Batman v Superman–Dawn of Justice (2016)
This is a movie with so many structural and pacing issues, it’s a bit hard to pick one that’s most critical to putting things on a better track. I think of things like, “I wish Batman wasn’t so easily manipulated through the whole movie,” and “I wish Superman hadn’t just retreated like a hermit after he failed to stop the capital from being blown up.” Or even, “I wish the whole ‘Martha’ thing had just been a small detail that Batman noticed at one point, rather than the turning point for the whole climax.” Any or all of those things would have helped the movie.
But there’s another thing, which I’ve already spoken about in recent weeks, which would have helped the whole DCEU, and which would have been fairly easy to address:
I wish Batman hadn’t been portrayed as a killer in Batman v Superman
To read all the reasons why I think this is so damaging for the character, you can skim through this post from a couple of weeks ago. The gist of it is simply that once you make Batman a killer, you undermine his credibility as a character. Batman is is guy who walks a tightrope with darkness and insanity, but doesn’t fall off (or if he does, then that’s the story). He’ll do almost anything to deter people from violent crime, but it’s like the fact that he’s unwilling to end someone’s life in this pursuit is how he (and we) know that he’s still a good guy, and not just another violent thug.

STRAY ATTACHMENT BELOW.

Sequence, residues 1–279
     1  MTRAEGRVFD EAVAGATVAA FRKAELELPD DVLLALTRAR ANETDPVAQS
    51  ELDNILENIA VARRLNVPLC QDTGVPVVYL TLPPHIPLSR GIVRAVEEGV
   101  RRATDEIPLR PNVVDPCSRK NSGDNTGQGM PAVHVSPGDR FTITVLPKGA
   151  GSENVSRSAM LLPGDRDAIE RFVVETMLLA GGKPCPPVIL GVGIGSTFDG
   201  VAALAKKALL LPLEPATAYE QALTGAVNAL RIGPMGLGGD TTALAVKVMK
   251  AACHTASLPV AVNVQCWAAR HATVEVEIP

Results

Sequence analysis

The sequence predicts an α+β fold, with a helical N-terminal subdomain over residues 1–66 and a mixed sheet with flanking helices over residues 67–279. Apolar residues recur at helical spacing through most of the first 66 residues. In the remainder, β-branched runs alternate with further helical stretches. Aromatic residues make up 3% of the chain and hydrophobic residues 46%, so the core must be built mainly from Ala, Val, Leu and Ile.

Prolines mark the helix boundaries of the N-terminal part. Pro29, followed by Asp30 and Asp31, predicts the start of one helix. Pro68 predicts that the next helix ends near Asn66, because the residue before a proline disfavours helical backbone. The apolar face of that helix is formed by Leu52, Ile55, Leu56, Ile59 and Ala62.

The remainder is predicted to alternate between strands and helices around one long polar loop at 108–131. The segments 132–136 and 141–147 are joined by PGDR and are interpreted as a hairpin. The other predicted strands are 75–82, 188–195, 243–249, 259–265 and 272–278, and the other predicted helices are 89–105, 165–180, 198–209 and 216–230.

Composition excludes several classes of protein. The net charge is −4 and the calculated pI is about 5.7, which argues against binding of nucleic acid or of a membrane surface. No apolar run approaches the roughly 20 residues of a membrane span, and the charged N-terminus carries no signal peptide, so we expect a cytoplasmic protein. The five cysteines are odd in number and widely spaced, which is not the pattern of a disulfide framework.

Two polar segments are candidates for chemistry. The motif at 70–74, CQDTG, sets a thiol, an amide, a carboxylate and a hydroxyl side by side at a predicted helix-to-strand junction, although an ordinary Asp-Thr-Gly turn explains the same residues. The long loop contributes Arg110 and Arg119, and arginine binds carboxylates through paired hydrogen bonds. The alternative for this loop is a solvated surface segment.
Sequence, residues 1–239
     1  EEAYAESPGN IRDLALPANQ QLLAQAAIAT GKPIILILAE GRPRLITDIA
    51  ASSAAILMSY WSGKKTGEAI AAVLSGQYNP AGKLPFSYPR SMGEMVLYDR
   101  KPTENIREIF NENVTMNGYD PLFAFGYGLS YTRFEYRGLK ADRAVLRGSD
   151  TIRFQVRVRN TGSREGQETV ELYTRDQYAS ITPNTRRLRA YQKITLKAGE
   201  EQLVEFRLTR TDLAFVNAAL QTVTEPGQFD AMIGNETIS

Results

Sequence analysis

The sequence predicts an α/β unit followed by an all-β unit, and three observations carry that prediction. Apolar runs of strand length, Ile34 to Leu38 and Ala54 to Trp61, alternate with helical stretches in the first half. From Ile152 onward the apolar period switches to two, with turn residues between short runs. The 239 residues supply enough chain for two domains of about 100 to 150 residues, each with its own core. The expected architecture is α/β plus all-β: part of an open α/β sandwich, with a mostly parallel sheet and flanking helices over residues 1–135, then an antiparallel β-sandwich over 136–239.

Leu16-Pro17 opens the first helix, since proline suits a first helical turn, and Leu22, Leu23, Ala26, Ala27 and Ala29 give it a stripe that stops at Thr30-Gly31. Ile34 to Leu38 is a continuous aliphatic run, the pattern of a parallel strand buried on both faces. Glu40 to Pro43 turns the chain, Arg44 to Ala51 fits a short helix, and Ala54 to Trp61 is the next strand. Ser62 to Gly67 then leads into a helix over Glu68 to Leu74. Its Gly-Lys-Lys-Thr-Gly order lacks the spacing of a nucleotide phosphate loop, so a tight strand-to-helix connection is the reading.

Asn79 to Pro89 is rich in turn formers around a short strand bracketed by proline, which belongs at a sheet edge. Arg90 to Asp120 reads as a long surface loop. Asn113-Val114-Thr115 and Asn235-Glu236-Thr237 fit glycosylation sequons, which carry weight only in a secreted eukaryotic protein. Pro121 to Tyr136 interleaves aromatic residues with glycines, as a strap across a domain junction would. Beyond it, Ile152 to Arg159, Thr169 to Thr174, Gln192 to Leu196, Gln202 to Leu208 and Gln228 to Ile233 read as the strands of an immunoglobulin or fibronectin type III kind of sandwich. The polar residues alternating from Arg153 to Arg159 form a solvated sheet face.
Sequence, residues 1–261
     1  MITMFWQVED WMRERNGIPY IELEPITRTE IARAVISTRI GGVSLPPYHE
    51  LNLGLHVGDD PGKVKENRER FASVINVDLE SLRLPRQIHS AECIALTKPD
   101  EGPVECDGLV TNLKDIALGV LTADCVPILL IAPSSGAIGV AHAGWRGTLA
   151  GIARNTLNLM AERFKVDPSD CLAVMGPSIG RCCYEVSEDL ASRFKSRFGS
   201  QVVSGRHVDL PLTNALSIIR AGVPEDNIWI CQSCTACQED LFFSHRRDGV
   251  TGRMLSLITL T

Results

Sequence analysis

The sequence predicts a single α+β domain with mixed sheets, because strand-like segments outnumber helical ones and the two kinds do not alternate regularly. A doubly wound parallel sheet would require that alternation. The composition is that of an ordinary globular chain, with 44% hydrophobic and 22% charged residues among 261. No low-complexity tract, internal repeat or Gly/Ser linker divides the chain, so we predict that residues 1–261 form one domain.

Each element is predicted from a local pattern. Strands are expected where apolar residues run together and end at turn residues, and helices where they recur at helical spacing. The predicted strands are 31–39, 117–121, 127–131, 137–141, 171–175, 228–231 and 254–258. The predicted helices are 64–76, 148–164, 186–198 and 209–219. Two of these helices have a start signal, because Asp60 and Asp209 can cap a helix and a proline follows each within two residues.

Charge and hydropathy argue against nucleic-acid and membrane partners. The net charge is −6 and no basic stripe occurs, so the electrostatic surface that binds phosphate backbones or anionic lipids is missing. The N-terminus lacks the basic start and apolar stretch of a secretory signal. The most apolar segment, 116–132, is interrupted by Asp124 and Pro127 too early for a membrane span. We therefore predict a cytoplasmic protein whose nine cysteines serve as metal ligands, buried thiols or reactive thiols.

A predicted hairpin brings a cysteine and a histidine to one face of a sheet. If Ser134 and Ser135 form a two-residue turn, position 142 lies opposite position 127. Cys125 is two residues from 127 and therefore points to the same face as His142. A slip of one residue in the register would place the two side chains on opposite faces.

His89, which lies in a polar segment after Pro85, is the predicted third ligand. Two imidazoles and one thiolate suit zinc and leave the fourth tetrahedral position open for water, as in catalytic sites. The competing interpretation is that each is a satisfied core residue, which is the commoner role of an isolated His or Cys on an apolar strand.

I’d have been okay for the story of Batman in Batman v. Superman to have been that Bruce Wayne has so let his fear and paranoia get to him (accelerated thanks to the influence of Lex Luthor) that he’s willing to try to kill Superman, whom he sees as a threat to all humanity. I also don’t mind that he’s seen to be harsher and more violent with regular criminals. But when he actually just runs around purposely killing enemies (21 times according to one Youtuber–not counting all the strange future vision stuff) then it’s impossible to see him as anything but a guy who has lot all perspective, and can no longer be trusted.
So I wish that he wasn’t depicted as someone willing to kill, except maybe for Superman himself. That would have provided plenty of darkness and paranoia for the character, but still be something he could come back from.
Justice League (2017)
Justice League, more than any of the other films of the DCEU, represents missed opportunities. Here are some of the greatest superhero characters in the world–Batman, Superman, Flash, Wonder Woman, Aquaman, Green Lantern…um, and Cyborg. The movie features a decent cast with fun performances, and some really well-staged action sequences which do a great job showing the team’s growing camaraderie in the midst of battle.